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Thread: MoEF greenlights Shark Fins naturally attached policy

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    Default MoEF greenlights Shark Fins naturally attached policy

    MoEF prohibits Removal of Shark Fins in the Sea

    In a welcome move, the Hon’ble Minister of State (IC) for MoEF Smt. Jayanthi Natarajan has given her consent to the policy banning removal of Shark fins on board of a vessel in the sea. According to the new policy, possession of fins not attached to the shark bodies will be construed as hunting of a Schedule I species and invite due penalties. The Policy calls for concerted action and implementation by the concerned State Governments through appropriate legislative, enforcement and other measures.

    In a ghastly practice, fishermen catch sharks and then cut off their fins and then drop the shark back into water. Without the fins attached the shark sinks to the bottom and dies a painful death. Fins are used as in Shark Fin soup and it is considered a delicacy abroad. Fishermen cut off the fins to maximize the amount of fins they can get on board of their vessel. This inhuman practice was also carried out by our fishermen due to lack of legislations.

    Sharks are apex predators and due to their indiscriminate hunting, there is a major imbalance in the marine ecosystem. The shark fin trade has multiplied the pressure on the species and is pushing them on the verge of extinction.

    Ten species of sharks are given protection as Schedule I species under the Wildlife Protection Act 1972. Cutting off the fins has resulted in difficulty in identifying these Schedule I species from others and hinders enforcement. With the change in policy, often referred as “naturally attached” shark fins can’t be cut off and the carcass thrown to the waters, hence the amount of shark fin trade is expected to come under control.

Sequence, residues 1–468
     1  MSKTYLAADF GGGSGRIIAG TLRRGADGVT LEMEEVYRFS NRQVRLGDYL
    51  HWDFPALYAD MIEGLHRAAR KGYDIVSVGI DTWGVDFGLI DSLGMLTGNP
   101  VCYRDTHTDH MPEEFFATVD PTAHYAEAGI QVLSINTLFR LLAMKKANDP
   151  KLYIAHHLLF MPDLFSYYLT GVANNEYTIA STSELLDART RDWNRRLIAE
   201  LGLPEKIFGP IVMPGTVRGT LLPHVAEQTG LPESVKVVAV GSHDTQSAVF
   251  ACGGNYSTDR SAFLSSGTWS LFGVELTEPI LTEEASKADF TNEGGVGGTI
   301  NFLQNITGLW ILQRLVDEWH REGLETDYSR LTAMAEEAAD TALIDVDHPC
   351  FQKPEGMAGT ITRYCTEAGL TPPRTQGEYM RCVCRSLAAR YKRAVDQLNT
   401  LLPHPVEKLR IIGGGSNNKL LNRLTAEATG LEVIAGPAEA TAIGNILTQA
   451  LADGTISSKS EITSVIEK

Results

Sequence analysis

We congratulate the Hon'ble Minister and MoEF for stopping the inhumane practice of removal of shark fins from live sharks in the sea.

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    A welcome move to regulate shark fishing in India, the world's second largest shark producer. Finning results in hundreds of sharks being killed (that too extremely inhumanely), so that boats can manage their storage space better by keeping the most valuable parts alone. Fishing whole sharks certainly will reduce the pressure on these animals.
    The implementation of this policy could remain a hurdle since there are virtually no authorities regularly monitoring the fisheries. But as consumers, we certainly can make a difference. During my stay in Karwar, I came across a few fishermen who told me about isolated places where sharks are landed (away from the main landing centre), they would refuse to divulge the exact location. Sharks would often be landed at the harbour too, right in front of the local forest office at the port. (No clue about all the species caught, but they certainly do catch very young pups, as well as a few species listed as "data deficient".) Fishermen would also warn me against photographing this catch. Most of the shark meat makes its way to restaurants where "shark" is not on the menu, but is recommended by waiters/chefs! So by refusing shark meat fished from undisclosed sources using unregulated practices, we can do our bit.

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